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English at Fairlop - a visual journey through our approach

English at Fairlop
At Fairlop, our aim is for children to be able to communicate confidently and meaningfully both orally and through written language and to develop their love of literature through reading for enjoyment as well as for understanding.

By the time that pupils move on from our school, our aim is for them to:

  • be fluent readers and writers;
  • have a positive attitude towards books and reading, reading widely for pleasure and information;
  • enjoy writing in different contexts and for different purposes and audiences;
  • write clearly, accurately and coherently, adapting language and style accordingly;
  • be curious and creative when it comes to reading and writing, for example by being interested in learning the meaning of new words; 
  • have a wide vocabulary and understanding of grammar;
  • feel confident speaking in class and be able to clearly explain their understanding and ideas; and
  • listen carefully and sensitively to adults and their peers.

We teach English best when:

  • there is a joyful culture around reading in the school;
  • all staff feel they have the knowledge, skills, understanding and professional support they need to teach English effectively;
  • there is sufficiently detailed and frequent ongoing assessment of pupil progress;
  • we expose pupils to different types of reading material, such as, through stimulating, high-quality and curiosity-inspiring classroom displays;
  • we involve families in supporting their child’s reading and writing;
  • the English curriculum is coherently planned and sequenced;
  • we identify where pupils have learning gaps or are not making the expected progress and make sure interventions are put in place to target these gaps;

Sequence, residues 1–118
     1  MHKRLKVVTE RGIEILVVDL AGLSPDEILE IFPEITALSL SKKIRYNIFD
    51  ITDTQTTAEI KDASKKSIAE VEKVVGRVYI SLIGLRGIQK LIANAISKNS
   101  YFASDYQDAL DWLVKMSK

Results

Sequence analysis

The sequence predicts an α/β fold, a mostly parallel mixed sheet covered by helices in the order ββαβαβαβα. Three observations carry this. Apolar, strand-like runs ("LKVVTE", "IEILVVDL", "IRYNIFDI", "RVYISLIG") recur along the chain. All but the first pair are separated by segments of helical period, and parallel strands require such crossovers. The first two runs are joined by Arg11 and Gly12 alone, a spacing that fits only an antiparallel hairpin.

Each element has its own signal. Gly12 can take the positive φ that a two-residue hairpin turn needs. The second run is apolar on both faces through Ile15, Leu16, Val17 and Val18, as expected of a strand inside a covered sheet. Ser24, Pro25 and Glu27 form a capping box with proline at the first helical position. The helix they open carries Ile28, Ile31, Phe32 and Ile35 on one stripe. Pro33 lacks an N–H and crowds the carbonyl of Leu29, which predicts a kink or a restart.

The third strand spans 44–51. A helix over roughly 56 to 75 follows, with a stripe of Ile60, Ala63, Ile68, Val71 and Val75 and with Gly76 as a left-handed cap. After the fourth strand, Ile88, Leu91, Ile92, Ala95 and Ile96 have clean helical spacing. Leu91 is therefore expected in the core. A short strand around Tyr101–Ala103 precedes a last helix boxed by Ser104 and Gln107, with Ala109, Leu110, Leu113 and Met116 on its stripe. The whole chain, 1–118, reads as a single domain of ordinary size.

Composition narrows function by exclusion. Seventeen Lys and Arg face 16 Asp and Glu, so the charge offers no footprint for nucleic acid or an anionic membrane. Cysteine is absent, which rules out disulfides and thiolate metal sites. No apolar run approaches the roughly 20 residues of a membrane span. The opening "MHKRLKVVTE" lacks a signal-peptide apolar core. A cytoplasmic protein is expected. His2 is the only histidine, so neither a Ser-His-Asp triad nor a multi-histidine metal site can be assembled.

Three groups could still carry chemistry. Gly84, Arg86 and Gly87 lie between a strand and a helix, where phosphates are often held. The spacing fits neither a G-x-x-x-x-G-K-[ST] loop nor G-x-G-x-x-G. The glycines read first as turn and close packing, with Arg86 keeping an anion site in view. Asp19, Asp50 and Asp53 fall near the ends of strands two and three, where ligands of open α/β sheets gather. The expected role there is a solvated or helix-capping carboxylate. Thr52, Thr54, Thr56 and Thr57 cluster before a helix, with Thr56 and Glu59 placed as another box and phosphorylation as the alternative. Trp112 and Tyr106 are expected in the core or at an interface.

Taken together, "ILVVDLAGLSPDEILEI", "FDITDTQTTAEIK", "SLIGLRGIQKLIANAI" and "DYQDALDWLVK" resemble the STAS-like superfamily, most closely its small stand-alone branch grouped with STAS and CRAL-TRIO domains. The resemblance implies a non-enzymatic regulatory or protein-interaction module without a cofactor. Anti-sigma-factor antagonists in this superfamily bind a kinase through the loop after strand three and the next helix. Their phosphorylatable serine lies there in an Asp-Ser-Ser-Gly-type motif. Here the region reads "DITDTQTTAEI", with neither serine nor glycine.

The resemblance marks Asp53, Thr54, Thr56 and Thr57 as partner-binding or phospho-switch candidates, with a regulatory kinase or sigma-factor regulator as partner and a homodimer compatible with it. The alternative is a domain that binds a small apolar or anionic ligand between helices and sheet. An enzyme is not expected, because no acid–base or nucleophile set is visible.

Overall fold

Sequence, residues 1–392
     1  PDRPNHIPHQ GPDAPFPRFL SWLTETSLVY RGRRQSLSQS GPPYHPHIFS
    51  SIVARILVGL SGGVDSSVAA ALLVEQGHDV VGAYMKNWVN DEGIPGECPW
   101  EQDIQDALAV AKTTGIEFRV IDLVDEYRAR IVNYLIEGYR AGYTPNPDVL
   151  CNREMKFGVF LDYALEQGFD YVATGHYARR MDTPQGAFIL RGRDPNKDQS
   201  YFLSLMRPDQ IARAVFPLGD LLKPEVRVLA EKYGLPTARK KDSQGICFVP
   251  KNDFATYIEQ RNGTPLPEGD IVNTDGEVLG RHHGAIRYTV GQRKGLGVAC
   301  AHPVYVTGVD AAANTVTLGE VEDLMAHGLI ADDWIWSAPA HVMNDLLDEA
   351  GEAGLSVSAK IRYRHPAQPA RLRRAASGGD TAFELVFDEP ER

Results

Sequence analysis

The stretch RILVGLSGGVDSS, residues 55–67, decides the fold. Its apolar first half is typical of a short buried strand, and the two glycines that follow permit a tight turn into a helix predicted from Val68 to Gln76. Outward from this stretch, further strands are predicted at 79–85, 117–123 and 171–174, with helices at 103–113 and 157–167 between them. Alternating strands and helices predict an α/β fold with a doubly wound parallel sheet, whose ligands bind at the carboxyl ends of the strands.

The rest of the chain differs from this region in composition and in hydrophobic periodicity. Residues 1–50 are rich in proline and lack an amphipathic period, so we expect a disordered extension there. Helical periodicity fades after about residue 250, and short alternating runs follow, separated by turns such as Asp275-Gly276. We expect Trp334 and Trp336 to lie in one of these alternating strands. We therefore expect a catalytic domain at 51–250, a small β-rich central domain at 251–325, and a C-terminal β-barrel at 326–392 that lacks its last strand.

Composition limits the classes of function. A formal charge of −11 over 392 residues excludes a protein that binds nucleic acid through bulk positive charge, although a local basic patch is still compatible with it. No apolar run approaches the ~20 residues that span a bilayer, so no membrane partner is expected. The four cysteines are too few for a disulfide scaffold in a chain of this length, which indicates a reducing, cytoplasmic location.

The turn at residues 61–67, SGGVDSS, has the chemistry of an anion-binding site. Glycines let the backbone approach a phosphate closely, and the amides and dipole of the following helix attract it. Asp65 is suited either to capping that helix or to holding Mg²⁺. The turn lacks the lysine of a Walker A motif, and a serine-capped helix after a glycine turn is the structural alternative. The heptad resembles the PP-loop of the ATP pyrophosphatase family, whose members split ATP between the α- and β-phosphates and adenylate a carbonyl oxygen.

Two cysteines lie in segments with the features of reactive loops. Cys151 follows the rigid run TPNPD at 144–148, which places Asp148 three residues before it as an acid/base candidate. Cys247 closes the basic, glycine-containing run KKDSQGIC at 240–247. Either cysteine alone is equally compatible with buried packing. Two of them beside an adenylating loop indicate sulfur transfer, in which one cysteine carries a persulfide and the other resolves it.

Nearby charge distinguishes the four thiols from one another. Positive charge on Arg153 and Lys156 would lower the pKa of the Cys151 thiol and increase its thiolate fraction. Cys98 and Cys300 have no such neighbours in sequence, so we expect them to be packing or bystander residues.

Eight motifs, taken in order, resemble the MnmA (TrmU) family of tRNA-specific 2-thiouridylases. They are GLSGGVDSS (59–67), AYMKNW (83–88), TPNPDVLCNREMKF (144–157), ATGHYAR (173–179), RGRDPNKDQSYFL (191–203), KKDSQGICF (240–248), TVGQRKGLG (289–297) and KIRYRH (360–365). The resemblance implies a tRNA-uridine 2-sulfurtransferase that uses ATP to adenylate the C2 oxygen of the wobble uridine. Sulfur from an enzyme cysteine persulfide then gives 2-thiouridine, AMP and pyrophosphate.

• teaching resources are available, up to date, varied and diverse, and match pupil and curriculum needs;
  • we engage pupils in high-quality back-and-forth interactions;
  • we model new language and accurate grammar to pupils; and
  • we support pupils with speech, language and communication needs, for example, through additional small-group story times.

Speaking and listening
Talk is at the core of our curriculum. Speaking and listening skills are developed through group discussions, drama and role-plays. At Fairlop, we believe that having the skills to ask and answer open-ended questions will develop our children’s spoken language, reading, writing and vocabulary, which are all vital life skills.  In all key stages, speaking and listening is an integral part of daily English teaching. Teachers identify and plan for opportunities to build oracy into all areas of the curriculum. Children are taught to justify ideas with reasons, ask questions, speculate, hypothesise and explore ideas in order to develop and build their understanding as well as negotiate, evaluate and build on the ideas of others.

At Fairlop, we strive to ensure that all children become successful, fluent readers by the end of key stage 1 (KS1). In order to do this, we follow an adapted version of the Letters and Sounds programme and provide every child with high quality phonics. This plays a key role in children developing word decoding skills. In order to achieve this, we use a systematic approach where every child in reception, year 1 and year 2 receives a daily phonics lessons. Fairlop has made the decision to remain using Letters and Sounds, rather than a systematic synthetic phonics teaching programme (SSP) on the government’s validated list, as we have developed the programme to ensure that it is rigorous, systematic, used with fidelity and achieves strong results for all pupils, including the most disadvantaged.